We wrap up our conversation with Farmer Erin Schneider today, talking about “beauty.” Erin says beauty drives her farming mission to grow flowers and connects her passion for the earth and people. Listen in to hear how beauty can open conversations and build bridges.

Episode 81: Women Farmers and Regenerative Agriculture
Today, we’re talking about a topic of increasing interest to women farmers: regenerative agriculture. Learn about systems theory and how we are all connected to ecology and our world around us. Channel your inner biologist and learn how our guest, Erin Schneider, successfully integrates this into her farm business.

Episode 80: Erin Schneider on Leadership Roles
Today, we dig into how we can encourage and support more women farmers to step up to leadership roles. From skill sharing to supporting women farmers in Africa to volunteering for grant review committees, Erin inspires us to go beyond just participating in something and to take an active leadership role.

Episode 79: My Farm Story with Erin Schneider
Today we sit down with Erin Schneider of Hilltop Community Farm as she shares her inspiring story of farming just a few miles from where she grew up. Erin has a passion for hardy Midwest perennial fruit and beautiful flowers. She shares how she married someone who was already running a farm business and how she carved out her own niche on the farm.

Erin Schneider runs Hilltop Community Farm in LaFarge, Wis., in partnership with her husband, Rob McClure, raising a wide range of vegetables, herbs, fruit and flowers. A graduate of the National Farmers Union Beginning Farmers Institute, Erin has volunteered on multiple assignments to increase women’s economic empowerment and food security in Senegal through the Farmer to Farmer Program with USAID. She currently serves on the Administrative Council for North Central SARE.


MaryAnn Bellazzini, Campo di Bella

Episode 78: MaryAnn Bellazzini on Working With Family
We are back and wrapping up with MaryAnn Bellazini of Campo di Bella as we take things back full circle to the core of her business decisions: family. Hear how MaryAnn both involves her two sons in the farm and business process and bottom line, they all enjoy each other’s company.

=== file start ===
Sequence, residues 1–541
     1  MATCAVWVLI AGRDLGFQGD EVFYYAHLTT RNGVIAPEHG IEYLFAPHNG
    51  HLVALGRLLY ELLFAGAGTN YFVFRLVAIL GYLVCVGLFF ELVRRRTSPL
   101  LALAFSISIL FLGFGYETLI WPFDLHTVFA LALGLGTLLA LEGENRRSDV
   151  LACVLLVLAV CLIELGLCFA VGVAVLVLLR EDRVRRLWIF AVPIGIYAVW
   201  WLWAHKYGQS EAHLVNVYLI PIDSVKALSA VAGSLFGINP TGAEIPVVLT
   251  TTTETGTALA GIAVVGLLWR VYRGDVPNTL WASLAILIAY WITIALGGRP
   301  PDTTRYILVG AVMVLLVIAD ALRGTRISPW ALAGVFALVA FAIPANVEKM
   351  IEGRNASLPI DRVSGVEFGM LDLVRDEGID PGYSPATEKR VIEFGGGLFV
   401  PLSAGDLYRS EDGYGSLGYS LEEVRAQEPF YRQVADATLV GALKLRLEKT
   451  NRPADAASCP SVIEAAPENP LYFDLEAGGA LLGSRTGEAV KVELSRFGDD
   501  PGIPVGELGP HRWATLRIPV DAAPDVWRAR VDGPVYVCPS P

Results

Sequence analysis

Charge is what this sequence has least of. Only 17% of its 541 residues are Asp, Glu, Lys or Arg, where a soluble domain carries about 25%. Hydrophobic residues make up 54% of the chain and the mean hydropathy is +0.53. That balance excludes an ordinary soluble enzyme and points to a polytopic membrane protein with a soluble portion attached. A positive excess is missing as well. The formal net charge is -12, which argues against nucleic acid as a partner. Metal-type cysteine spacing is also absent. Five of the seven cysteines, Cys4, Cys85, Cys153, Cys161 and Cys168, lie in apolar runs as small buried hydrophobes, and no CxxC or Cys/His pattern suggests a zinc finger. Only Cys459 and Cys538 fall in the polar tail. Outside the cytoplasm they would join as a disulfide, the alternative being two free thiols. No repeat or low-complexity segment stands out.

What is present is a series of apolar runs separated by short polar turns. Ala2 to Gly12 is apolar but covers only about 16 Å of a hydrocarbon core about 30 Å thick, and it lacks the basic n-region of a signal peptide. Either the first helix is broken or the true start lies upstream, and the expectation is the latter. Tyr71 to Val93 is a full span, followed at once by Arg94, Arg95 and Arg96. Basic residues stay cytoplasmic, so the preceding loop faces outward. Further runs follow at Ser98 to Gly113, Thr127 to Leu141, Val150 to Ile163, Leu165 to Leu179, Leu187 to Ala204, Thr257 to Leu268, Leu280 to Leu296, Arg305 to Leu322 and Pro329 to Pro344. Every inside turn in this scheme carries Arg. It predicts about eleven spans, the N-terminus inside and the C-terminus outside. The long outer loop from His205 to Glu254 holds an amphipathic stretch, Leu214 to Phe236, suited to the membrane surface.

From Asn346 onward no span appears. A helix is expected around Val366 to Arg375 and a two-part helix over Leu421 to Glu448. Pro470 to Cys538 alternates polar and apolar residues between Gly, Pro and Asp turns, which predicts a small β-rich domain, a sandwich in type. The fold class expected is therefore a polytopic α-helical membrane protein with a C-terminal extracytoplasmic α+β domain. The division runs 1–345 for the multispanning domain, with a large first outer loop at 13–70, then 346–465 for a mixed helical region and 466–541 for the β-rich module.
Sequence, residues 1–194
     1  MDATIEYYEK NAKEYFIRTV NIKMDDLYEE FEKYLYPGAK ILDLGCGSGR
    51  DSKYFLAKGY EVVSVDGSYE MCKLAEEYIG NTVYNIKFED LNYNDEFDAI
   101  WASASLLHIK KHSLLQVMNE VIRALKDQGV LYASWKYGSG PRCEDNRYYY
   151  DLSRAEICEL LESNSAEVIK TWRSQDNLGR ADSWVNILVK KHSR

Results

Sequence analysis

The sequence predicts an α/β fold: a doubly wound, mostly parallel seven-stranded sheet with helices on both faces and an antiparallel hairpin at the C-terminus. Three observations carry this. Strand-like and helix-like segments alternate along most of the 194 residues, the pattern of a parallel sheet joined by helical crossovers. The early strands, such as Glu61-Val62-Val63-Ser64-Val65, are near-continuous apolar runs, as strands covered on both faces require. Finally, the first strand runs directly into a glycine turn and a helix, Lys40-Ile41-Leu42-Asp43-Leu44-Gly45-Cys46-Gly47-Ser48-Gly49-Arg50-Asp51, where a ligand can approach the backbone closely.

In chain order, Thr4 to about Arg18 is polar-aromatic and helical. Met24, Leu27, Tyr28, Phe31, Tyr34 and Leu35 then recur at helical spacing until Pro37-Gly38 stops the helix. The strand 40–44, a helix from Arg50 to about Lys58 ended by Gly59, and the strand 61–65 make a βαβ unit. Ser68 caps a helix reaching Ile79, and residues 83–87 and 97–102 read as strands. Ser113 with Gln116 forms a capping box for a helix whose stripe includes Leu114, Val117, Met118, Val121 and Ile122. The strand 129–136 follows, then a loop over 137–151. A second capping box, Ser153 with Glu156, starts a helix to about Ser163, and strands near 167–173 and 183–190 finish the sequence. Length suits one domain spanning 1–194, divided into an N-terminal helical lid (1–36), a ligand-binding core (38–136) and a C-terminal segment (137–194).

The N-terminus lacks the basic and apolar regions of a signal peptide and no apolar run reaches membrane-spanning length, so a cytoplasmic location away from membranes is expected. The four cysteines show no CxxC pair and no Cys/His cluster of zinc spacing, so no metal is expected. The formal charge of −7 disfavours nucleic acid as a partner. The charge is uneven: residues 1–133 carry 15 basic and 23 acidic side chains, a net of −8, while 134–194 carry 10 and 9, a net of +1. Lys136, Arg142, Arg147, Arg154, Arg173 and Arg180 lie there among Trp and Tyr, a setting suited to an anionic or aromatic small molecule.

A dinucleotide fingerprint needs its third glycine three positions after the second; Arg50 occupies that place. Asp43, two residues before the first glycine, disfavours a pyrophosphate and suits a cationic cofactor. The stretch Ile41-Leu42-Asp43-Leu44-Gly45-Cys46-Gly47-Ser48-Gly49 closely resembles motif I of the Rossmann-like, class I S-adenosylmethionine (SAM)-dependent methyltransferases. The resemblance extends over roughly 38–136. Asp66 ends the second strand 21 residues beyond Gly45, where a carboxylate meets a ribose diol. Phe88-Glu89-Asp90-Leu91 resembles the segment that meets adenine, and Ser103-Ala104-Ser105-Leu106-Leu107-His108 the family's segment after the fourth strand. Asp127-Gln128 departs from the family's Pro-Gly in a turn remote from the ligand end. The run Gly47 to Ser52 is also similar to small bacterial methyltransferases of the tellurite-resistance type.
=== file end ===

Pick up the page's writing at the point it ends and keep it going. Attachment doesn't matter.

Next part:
Episode 77: MaryAnn Bellazzini with Tips for On-Farm Food Service
We are back with MaryAnn Bellazini of Campo di Bella digging deeper into the start-ups of an on-farm commercial kitchen, winery, restaurant, and more. It’s all about relationships and getting to know details level by level, from the township to county to state and perhaps even federal level.

Episode 76: MaryAnn Bellazzini on Launching an On-Farm Restaurant
We continue our series with MaryAnn Bellazini of Campo di Bella as she digs into how she and her husband started their farm-to-table restaurant and winery. She explains the importance of research, persistence, and being open to new ideas. Key tip is strategically testing the idea by first renting a licensed commercial kitchen.

Episode 75: My Farm Story with MaryAnn Bellazzini
Today, we sit down with MaryAnn Bellazzini of Campo di Bella as she shares her story of growing up on the north side of Chicago and evolving from being on the expected track of having suburban careers and the detour she made by moving to rural Wisconsin. Abundant gardens led to a farm enterprise and eventually a farm-to-table enterprise.

MaryAnn and her husband, Marc, run Campo di Bella, a farm-to-table restaurant and winery in Blue Mounds, Wisconsin, serving Italian-inspired dining experiences. Self-taught on the farming side, MaryAnn and her family moved from the Chicago scene and for several years ran a vegetable CSA from their abundant garden. Her Italian heritage and love for creating welcoming settings around food inspired the current food service venture.


Jennifer Nelson of Humble Pie Farm and MOSES

Episode 74:  Jennifer Nelson on Farming with Family
We are finishing up our series with Jennifer Nelson today, as she offers some perspective and advice on farming with a spouse. Hear how defining roles and being specific can keep things sane, especially during the busy summer season. Jennifer’s advice: Embrace each of your different skill sets and celebrate differences to strengthen your business.